Colombia lean on Murillo goal to defeat Brazil for first time in 24 years

BY Jonathan Wilson • June 17, 2015

SANTIAGO, Chile -- 

The Brazilian crisis, it turns out, never went away. This was a different kind of disgrace to the disgrace of Belo Horioznte in the World Cup semi-final, but disgrace it was no less. Neymar, already suspended for Sunday’s final group game against Venezuela after an earlier booking, summed it up when he head-butted Jeison Murillo. Carlos Bacca steamed in and shoved him away. Both men were sent off to complete the final act in an extraordinary Brazilian collapse in this humbling 1-0 defeat against a much-improved Colombia.

Those 10 friendly wins and the last-gasp victory over Peru were nothing more than a cover hastily thrown over the mess. All the flaws of this World Cup and the last were on show again against the first decent opponent. This was a self-entitled, sluggish, predictable Brazil, far too reliant on Neymar, far too convinced if its own pre-eminence. On the night, they were well-beaten.

Frustrations and petulance bubbled over at the end as Neymar, after the final whistle, unleashed a shot that flattened Pablo Armero. The petulance provoked a melee involving almost every player and most of the respective benches. During the scuffle, Neymar flicked his head into Murillo’s nose, prompting Bacca’s retaliation. The violent finale, though, could not disguise what had gone before.

In its opening game, Colombia had played with Bacca alongside Falcao. With two out-and-out centre-forwards, the result had been a blockish 4-4-2 in which James Rodriguez, such a star at the World Cup when Falcao was missing and the shape was more 4-2-3-1, struggled to find space. When Teo Gutierrez came on for Bacca towards the end of that game, he immediately created more angles with his natural tendency to drop deep. It was no great surprise that he started.

The shape changed as well, from 4-4-2 to 4-3-1-2, with Rodriguez given a free-role as a playmaker. The difference was startling. Colombia played with far more verve and made the most of the space Brazil afforded it. Questions remain, though, as to how long Falcao can retain his place at the front of this side. After a Gutierrez lay-off had created a shooting opportunity for him 25 yards out, he shanked his effort wretchedly wide. It was a far from easy chance, it’s true, but that was the shot of a player horribly out of sorts. When he broke through five minutes before half-time, he had options both sides, but opted to take on a shot from 25 yards instead. The choice spoke of a desperation to score, to relieve the pressure.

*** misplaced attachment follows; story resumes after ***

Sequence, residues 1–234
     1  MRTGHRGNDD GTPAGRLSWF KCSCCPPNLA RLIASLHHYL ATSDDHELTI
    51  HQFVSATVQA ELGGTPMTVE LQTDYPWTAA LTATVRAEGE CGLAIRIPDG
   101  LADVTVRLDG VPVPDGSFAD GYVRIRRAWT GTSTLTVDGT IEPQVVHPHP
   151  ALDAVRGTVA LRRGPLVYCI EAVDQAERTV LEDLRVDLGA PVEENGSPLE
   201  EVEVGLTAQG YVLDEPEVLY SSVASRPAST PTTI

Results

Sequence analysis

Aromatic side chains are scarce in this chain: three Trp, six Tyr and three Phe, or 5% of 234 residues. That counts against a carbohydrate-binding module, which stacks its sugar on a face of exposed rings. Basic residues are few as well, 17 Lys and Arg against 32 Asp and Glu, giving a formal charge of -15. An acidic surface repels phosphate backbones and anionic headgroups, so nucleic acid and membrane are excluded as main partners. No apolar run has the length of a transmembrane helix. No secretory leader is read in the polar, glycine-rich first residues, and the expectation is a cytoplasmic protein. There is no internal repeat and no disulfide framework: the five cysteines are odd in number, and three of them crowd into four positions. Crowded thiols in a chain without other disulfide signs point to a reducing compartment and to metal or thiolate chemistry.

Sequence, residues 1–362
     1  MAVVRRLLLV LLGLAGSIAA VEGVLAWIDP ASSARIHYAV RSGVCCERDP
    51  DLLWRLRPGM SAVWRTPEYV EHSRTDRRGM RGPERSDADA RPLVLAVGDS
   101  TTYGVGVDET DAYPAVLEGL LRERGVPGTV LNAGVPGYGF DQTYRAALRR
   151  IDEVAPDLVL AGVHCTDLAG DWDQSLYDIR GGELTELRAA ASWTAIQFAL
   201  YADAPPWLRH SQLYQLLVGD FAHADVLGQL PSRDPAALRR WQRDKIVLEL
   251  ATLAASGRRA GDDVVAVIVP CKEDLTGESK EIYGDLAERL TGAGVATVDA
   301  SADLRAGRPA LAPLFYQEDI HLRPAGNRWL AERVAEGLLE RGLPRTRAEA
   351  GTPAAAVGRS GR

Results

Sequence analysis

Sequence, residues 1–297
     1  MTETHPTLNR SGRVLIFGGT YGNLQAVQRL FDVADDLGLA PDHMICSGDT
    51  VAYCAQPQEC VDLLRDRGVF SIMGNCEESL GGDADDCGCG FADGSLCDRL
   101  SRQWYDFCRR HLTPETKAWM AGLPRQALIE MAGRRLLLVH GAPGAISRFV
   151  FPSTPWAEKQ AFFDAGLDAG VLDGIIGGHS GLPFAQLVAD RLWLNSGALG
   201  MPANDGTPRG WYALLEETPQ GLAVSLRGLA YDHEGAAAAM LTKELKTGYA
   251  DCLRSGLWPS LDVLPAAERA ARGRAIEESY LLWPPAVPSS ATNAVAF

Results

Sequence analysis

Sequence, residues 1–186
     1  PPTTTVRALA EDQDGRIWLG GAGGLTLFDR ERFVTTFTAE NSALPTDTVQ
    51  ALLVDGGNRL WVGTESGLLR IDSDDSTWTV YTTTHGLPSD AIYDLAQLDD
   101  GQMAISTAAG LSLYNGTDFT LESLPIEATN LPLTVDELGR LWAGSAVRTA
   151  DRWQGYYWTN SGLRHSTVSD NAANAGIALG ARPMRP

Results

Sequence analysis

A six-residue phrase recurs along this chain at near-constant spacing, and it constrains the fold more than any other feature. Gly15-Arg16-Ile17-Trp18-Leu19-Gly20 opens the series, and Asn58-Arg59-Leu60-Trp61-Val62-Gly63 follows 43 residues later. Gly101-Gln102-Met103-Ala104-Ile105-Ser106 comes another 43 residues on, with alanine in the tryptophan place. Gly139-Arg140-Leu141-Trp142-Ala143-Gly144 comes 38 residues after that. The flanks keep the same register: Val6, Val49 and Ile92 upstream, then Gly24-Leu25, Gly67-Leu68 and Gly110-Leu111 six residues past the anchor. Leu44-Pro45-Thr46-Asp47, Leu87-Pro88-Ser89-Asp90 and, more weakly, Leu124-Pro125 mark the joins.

Still, even with the doubts over Falcao, Colombia had enough to take the lead 10 minutes before half-time. Jeison Murillo hooked the ball into the net after Brazil had failed to clear Juan Cuadrado’s free-kick. The goal came at the beginning of a Colombian surge that went on until half-time. With Brazil rattled, and Carlos Sanchez monstrous at the back of midfield, Colombia cut through again and again, although the closest it came to a second was the shot Cuadrado skewed just wide from a Gutierrez backheel.

This was not the Cuadrado of the final three months of the Premier League season at Chelsea, but a quicker, more confident version. Early in the second half, he rampaged from deep in his own half and sent a shot fizzing just wide. Carlos Sanchez looked a different player to the one who loped around for Aston Villa, too. Here he was a colossus, a mighty one-man shield in front of the back four who also strode forward.

But good as Colombia was, it benefited from some help. This was an ugly Brazil performance. Everything went through Neymar again, though cause and effect are unclear. Is he the only hub because Willian, Roberto Firmino and Fred offer so little, or do they offer so little because of his constant demands? The suspicion was that Colombia recognised the (self-inflicted) pressure Neymar is under and set out to wind him up. Early on, Cuadrado clouted him with firm forearm to the shoulder and then Juan Zuniga, having dispossessed him, sashayed almost mockingly past him.

If that was the plan, it worked. In the final minute of the first half, after Brazil had taken a 120-minute pummelling, Dani Alves advanced on the right and crossed for Neymar, whose initial header was superbly saved by David Ospina. As the ball bounced back, it hit the tumbling Neymar’s hand and ricocheted into the arms of Ospina.

The Chilean referee Enrique Osses decided the hand had been deliberate and booked him. Neymar grabbed his shoulder in response. The yellow for handling seemed harsh, but he could easily have been sent off for making contact with the referee. A couple of minutes later, Neymar went in on Cuadrado with an arm raised and again was possibly lucky not to be booked, especially when he then fisted the ball away in an obvious display of dissent. His reprieve would only be temporary.

Although Brazil did have more of the ball in the second half, it was woefully short of ideas, simply sending cross after cross into the box. When Brazil did at last create another clears opening as Ospina, having lost the ball to Elias, pushed the ball away from him into the path of Roberto Firmino after 58 minutes, the forward sidefooted over.

For Brazil, it was that sort of night: not just bad, but, at times, farcically so. The shadow of 2014 will not readily be escaped.

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